A commercial featuring a lost dog — to be found and helped by horses — led Budweiser to the top viewing spot, according to TiVo’s second-by-second analysis.
Perhaps the biggest surprise was a public service announcement about domestic violence from the Joyful Heart Foundation, which was the second-best-viewed Super Bowl commercial.
The spot portrayed a home in disarray — showing poorly patched holes in walls with no pictures, disheveled furniture, and a woman dialing 911 under the guise of ordering a pizza.
The Coca-Cola spot “Make It Happy,” about transforming hateful Internet talk, came in at 9th place. In 10th place was a Nissan commercial “With Dad,” focused on a Nissan race car driver and the angst and frustrations of juggling a career and his family with the Harry Chapin song “Cat’s In the Cradle” running as the soundtrack.
The other best-viewed spots in order (third to eighth place) were: Doritos, “Middle Seat”; Nationwide Insurance, “Invisible Mindy Kaling”; Supercell, “Clash of Clans 'Revenge' Feat with Liam Neeson”; Fiat 500X,“Blue Pill”; Snickers, “‘The Brady Bunch' featuring Danny Trejo”; and Avocados From Mexico, “First Draft Ever.”
A major category was movies — where some eights spot ran, more than in the past two years combined. NBC, which aired the game, had five of the eight spots coming from Universal Pictures — “Jurassic World,” “Minions,” “Furious 7,” “Fifty Shades of Grey” and “Ted 2.” Other movies include Walt Disney’s “Tomorrowland,” “Perfect Pitch 2,” and Paramount’s “Terminator: Genisys.”
There were also two movie spots before the game: Liongate’s “The Divergence Series: Insurgent” and 20th Century Fox’s “Kingsman: The Secret Service.” Another big category insurance — five spots — the combined total of the three prior Super Bowls.
By TiVo’s count NBC aired 27 promos, Fox’s 28, in 2014. NBC aired 23 60-second spots; Fox had 20 the year before.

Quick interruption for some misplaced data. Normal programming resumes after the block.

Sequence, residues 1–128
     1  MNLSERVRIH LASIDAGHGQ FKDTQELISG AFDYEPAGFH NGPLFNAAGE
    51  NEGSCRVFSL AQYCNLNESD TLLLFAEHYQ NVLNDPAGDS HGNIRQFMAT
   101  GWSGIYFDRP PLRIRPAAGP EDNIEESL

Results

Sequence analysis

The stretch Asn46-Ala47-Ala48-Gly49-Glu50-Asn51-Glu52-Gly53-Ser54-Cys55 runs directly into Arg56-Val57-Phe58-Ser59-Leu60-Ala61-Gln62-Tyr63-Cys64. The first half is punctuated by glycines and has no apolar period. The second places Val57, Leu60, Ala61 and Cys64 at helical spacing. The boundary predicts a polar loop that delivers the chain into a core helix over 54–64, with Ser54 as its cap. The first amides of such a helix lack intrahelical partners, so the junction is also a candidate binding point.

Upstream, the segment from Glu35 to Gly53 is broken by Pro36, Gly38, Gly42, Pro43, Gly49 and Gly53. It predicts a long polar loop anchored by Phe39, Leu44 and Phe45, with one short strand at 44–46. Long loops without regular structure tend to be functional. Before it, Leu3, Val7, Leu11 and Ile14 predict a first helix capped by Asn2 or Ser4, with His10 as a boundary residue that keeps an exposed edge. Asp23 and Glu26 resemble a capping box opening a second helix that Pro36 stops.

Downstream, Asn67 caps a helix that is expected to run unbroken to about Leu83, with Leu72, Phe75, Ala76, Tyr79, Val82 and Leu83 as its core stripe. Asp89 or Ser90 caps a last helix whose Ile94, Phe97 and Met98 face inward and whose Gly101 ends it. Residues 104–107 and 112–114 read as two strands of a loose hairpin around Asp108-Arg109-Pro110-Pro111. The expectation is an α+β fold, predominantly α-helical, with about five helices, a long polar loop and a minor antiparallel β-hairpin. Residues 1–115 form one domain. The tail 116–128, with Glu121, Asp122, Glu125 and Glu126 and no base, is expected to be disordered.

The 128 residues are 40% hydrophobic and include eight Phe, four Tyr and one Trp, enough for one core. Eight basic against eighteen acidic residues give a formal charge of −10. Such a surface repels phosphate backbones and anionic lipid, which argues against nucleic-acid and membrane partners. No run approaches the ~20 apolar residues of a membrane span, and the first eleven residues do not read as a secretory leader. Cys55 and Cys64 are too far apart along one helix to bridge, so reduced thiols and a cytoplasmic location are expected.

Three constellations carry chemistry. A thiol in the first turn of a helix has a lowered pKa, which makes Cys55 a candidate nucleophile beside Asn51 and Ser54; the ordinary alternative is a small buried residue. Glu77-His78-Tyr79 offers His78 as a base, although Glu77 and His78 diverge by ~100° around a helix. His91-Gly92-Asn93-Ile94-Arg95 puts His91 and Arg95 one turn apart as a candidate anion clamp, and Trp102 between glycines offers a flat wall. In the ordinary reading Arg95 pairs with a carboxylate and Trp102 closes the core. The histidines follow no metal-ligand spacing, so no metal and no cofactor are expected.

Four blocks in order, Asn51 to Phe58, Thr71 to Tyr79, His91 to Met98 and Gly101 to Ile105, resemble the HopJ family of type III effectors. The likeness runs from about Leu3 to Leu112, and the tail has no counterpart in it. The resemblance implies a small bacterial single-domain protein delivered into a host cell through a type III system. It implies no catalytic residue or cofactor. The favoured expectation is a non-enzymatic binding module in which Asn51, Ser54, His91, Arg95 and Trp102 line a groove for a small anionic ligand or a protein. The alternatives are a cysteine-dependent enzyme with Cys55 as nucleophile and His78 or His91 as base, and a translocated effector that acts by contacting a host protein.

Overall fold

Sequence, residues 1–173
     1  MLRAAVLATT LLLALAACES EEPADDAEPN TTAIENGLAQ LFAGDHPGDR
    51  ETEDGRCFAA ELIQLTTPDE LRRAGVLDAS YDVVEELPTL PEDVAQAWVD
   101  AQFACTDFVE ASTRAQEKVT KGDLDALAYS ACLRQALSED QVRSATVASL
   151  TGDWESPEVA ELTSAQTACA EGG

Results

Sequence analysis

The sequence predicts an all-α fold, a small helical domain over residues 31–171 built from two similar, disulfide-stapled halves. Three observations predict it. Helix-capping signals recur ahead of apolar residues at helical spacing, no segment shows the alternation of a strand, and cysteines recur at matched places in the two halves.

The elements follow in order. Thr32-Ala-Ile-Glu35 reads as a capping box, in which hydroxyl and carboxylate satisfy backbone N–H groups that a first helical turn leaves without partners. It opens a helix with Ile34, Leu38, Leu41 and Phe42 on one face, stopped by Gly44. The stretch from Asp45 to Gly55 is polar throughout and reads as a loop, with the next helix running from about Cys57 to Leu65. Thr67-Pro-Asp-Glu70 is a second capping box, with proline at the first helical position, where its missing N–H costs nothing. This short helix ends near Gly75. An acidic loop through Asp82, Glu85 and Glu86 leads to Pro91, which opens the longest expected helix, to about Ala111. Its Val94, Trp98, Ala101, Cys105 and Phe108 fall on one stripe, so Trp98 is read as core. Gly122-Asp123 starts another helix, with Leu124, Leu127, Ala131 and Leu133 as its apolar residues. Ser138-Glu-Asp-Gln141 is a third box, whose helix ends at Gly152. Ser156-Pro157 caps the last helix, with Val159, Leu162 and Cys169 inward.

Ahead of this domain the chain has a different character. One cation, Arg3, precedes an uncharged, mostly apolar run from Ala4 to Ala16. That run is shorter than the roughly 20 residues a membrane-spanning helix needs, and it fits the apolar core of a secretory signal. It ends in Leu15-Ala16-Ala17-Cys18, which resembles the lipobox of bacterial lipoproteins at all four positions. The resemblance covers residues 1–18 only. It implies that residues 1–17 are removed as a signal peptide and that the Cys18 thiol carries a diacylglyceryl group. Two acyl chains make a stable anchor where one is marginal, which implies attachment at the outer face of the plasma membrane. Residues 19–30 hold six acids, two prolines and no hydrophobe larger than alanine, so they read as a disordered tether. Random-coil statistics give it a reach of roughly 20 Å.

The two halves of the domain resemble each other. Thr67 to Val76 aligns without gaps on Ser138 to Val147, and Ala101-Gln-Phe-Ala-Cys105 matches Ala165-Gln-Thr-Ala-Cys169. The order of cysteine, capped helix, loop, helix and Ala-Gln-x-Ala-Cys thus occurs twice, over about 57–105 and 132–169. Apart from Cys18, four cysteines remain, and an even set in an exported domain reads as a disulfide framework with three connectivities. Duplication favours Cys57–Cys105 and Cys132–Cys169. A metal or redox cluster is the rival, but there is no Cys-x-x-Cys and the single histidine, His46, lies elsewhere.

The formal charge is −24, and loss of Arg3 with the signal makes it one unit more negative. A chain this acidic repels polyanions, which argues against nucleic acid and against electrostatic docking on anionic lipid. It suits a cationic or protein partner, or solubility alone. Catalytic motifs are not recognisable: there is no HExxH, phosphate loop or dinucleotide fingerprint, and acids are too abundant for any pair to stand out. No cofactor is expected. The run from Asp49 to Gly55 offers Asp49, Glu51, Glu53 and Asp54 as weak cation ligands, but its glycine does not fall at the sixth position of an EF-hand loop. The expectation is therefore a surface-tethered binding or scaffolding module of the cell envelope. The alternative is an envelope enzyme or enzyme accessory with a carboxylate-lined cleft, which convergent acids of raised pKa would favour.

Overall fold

TiVo’s research of Super Bowl analysis come from second-by-second audience data from approximately 30,000 anonymous TV homes.
What exactly does TiVo's second-by-second audience data measure?
Is it merely that the TV was tuned into the Super Bowl when these ads were exposed? Or does it measure whether any humans were present within a viewing line of sight when the commercials were exposed? Can it measure who was viewing the TV?
Do the audience data reflect the point-in-the-game ability to command an audience more than the commercial's ability?
I am honestly surprised that the Coca-Cola spot was beaten out by Avocados from Mexico. First off, both spots had entertainment value of some sort. However, Coca-Cola is clearly a more well known brand. Other than the domestic violence spot, all other spots ranked were selective demand advertising. Having a primary demand ad spot make the top 10 list just goes to show how powerful creativity is when it comes to ads. This seems to be especially true during the Superbowl, where sentimental and creative ads compete for the top spot year after year. It would be interesting to see if any other primary demand markets will try to make their way into the advertisement battle next year.